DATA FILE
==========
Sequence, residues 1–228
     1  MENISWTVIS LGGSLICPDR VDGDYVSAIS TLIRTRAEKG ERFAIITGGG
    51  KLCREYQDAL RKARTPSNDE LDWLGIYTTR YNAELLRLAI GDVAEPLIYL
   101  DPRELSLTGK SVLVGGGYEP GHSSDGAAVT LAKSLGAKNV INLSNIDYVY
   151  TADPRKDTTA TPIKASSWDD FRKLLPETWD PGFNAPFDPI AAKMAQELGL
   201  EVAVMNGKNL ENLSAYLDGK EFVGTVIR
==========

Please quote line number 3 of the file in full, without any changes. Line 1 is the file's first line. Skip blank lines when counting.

    51  KLCREYQDAL RKARTPSNDE LDWLGIYTTR YNAELLRLAI GDVAEPLIYL